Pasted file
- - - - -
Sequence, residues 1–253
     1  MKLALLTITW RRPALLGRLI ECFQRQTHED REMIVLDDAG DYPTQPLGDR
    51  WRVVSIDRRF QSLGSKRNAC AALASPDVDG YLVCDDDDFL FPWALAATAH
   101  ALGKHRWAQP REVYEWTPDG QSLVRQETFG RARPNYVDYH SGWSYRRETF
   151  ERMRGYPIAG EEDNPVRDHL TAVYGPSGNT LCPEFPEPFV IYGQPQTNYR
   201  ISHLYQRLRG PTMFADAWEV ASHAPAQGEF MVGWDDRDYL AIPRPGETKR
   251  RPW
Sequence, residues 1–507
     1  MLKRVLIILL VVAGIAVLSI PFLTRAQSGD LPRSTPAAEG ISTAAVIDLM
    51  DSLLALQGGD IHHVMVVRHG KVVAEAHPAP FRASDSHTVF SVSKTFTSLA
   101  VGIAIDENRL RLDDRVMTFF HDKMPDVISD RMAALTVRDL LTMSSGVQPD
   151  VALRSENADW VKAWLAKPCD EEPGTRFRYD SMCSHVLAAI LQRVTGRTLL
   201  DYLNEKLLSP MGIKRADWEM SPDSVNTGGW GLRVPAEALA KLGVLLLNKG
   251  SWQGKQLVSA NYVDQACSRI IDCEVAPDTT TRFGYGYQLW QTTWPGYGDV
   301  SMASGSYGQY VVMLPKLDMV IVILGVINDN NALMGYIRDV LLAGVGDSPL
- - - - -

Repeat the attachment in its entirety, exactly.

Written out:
Sequence, residues 1–253
     1  MKLALLTITW RRPALLGRLI ECFQRQTHED REMIVLDDAG DYPTQPLGDR
    51  WRVVSIDRRF QSLGSKRNAC AALASPDVDG YLVCDDDDFL FPWALAATAH
   101  ALGKHRWAQP REVYEWTPDG QSLVRQETFG RARPNYVDYH SGWSYRRETF
   151  ERMRGYPIAG EEDNPVRDHL TAVYGPSGNT LCPEFPEPFV IYGQPQTNYR
   201  ISHLYQRLRG PTMFADAWEV ASHAPAQGEF MVGWDDRDYL AIPRPGETKR
   251  RPW
Sequence, residues 1–507
     1  MLKRVLIILL VVAGIAVLSI PFLTRAQSGD LPRSTPAAEG ISTAAVIDLM
    51  DSLLALQGGD IHHVMVVRHG KVVAEAHPAP FRASDSHTVF SVSKTFTSLA
   101  VGIAIDENRL RLDDRVMTFF HDKMPDVISD RMAALTVRDL LTMSSGVQPD
   151  VALRSENADW VKAWLAKPCD EEPGTRFRYD SMCSHVLAAI LQRVTGRTLL
   201  DYLNEKLLSP MGIKRADWEM SPDSVNTGGW GLRVPAEALA KLGVLLLNKG
   251  SWQGKQLVSA NYVDQACSRI IDCEVAPDTT TRFGYGYQLW QTTWPGYGDV
   301  SMASGSYGQY VVMLPKLDMV IVILGVINDN NALMGYIRDV LLAGVGDSPL